ONLY THE SHADOW KNOWS…A.C. “Blumey” Blumenthal (at left in the light suit) was often seen shadowing Mayor Jimmy Walker in his role as chief counselor and chief stooge. Here the mayor is escorted by Blumey and New York’s finest during corruption hearings in 1931. At right, Blumey’s wife Peggy Fears (1903–1994) in her most notable film role, 1935’s The Lottery Lover. Their tempestuous marriage lasted from 1927 to 1950.  (avenuemagazine.com)

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Coward’s Ménage

Playwright Noel Coward existed in the orbit of the Algonquin Round Table crowd, so it was doubtless challenging for Robert Benchley to critically review his friend’s work. Fortunately, Benchley found Design For Living mostly to his liking. Note how Benchley subtly refers to the play’s gay subtext, and to the fact that it mirrored the real-life relationships of the play’s trio.

THREE’S COMPANY…A studio in Paris. A penthouse in New York. A flat in London. These were the settings for Noël Coward’s play Design for Living at the Ethel Barrymore Theatrewhich starred the wife-husband team Lynn Fontanne and Alfred Lunt and their close friend Coward in a Broadway run of 135 performances from January to May 1933. (Vandamm theatrical photos via wisc.edu)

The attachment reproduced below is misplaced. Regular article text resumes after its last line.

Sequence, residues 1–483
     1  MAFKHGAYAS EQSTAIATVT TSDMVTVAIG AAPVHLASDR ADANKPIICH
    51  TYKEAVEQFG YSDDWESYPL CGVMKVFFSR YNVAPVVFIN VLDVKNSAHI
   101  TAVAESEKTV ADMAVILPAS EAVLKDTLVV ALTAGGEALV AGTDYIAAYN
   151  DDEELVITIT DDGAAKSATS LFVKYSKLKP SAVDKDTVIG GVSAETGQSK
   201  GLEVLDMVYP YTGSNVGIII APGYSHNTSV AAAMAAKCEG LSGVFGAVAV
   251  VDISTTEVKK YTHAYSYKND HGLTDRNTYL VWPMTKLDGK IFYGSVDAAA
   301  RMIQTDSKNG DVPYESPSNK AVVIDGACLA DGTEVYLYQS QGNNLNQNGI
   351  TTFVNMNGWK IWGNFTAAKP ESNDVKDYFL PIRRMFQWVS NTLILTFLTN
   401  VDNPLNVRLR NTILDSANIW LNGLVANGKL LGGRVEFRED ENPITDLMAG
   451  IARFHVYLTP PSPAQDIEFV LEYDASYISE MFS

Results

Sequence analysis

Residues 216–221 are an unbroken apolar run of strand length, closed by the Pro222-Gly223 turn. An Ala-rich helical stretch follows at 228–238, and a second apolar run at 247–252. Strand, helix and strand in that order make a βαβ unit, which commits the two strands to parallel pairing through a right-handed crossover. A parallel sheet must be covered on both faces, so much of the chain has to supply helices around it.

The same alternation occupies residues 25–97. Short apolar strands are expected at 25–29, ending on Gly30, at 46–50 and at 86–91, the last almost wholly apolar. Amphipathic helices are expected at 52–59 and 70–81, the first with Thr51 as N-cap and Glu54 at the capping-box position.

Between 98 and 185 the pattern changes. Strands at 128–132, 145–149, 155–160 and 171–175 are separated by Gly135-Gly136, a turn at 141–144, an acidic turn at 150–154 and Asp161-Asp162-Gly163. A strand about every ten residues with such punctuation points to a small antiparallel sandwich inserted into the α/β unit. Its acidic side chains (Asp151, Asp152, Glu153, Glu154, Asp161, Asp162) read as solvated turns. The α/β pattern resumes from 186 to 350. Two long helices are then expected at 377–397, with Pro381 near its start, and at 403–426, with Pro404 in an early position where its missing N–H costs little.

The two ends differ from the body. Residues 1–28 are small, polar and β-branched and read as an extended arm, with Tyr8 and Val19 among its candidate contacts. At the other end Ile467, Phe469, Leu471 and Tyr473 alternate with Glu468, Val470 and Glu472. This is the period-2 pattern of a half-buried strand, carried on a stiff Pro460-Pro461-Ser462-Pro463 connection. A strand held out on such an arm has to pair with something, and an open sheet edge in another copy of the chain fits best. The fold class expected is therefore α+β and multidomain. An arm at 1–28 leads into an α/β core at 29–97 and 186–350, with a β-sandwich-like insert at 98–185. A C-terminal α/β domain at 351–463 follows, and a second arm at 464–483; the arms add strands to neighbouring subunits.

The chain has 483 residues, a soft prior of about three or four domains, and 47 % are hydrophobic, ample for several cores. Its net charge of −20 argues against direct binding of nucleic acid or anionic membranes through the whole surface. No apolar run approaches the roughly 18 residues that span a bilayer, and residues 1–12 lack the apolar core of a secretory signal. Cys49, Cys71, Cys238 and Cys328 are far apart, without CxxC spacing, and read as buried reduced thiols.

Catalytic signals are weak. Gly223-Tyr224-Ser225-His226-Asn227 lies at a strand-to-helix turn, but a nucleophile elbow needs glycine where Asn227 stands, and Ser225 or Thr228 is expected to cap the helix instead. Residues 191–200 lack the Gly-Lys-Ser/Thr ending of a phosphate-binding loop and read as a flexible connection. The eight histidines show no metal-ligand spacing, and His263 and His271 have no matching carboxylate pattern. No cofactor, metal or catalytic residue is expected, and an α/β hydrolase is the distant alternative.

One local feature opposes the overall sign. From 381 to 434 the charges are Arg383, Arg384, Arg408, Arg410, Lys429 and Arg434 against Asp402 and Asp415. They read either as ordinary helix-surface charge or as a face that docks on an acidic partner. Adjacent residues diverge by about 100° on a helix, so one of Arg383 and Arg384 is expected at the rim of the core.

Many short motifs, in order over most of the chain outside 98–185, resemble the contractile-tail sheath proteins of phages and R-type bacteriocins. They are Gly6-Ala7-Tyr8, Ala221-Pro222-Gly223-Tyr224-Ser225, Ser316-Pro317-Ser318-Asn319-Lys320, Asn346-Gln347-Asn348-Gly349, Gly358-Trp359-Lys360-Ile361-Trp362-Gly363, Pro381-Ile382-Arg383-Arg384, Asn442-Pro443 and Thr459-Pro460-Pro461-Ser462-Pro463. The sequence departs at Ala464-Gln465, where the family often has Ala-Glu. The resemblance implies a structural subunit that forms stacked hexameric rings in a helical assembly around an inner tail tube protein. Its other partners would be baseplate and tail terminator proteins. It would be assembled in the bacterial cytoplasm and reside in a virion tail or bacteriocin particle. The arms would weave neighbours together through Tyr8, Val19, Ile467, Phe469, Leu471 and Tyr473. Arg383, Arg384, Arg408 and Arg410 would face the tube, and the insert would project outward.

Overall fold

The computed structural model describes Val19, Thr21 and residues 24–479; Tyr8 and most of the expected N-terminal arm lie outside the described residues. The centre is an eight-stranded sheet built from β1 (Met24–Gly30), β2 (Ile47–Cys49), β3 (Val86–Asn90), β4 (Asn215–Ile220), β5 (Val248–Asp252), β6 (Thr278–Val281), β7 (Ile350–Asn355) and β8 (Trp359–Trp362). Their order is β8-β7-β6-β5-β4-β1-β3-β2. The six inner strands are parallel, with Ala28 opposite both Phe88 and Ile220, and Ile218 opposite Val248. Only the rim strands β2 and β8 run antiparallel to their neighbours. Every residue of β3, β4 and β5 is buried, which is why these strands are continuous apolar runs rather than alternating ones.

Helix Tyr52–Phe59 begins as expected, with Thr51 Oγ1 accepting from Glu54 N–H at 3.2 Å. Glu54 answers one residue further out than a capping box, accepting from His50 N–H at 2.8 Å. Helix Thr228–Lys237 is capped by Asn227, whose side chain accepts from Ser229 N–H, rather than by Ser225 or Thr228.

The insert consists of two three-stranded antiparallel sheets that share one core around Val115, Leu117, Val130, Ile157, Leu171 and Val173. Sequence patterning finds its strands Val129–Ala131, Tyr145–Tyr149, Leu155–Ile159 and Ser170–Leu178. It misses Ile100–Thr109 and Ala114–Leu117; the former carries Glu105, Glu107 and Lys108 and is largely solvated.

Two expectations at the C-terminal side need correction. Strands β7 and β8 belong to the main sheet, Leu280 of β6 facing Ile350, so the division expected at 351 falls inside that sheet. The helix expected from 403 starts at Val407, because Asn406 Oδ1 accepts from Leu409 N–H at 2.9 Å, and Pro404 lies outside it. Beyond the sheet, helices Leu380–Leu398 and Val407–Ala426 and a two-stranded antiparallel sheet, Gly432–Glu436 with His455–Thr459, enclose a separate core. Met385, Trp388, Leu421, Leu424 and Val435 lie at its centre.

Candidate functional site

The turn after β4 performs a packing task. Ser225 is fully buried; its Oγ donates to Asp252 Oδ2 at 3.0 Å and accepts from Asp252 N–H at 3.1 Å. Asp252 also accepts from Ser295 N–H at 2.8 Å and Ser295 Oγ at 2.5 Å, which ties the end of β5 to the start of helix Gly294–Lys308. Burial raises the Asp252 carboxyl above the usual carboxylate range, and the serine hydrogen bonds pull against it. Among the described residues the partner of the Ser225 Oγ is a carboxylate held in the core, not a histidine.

Benchley did have a few quibbles, but reasoned there was no need to be overly critical when there was such a dearth of quality stage entertainment. Note the great caricatures by Al Frueh (below) that accompanied the review.

Benchley had a different sort of dilemma criticizing Elmer Rice’s earnestly patriotic We, the People, a play about the misfortunes of a working class family in Depression America.

Rice, who won the Pulitzer Prize for Drama in 1929, was an occasional contributor to The New Yorker from 1929 to 1931, including his sci-fi satire on the film industry, Voyage to Purila, which was serialized in 11 installments (with illustrations by Peter Arno) in The New Yorker from Oct. 12 to Dec. 21, 1929.

LET’S MAKE A MOVIE…Elmer Rice (standing) joins theatre producer Joseph P. Bickerton, Jr. (left), and Universal’s Carl Laemmle Jr. to sign a contract for the film version of Rice’s 1931 Broadway play Counsellor at Law. The film proved to a critical success. (Wikipedia)

Meanwhile, film critic John Mosher was trying his best to enjoy the latest Hollywood fare, another Broadway play adapted to the silver screen. Whistling in the Dark…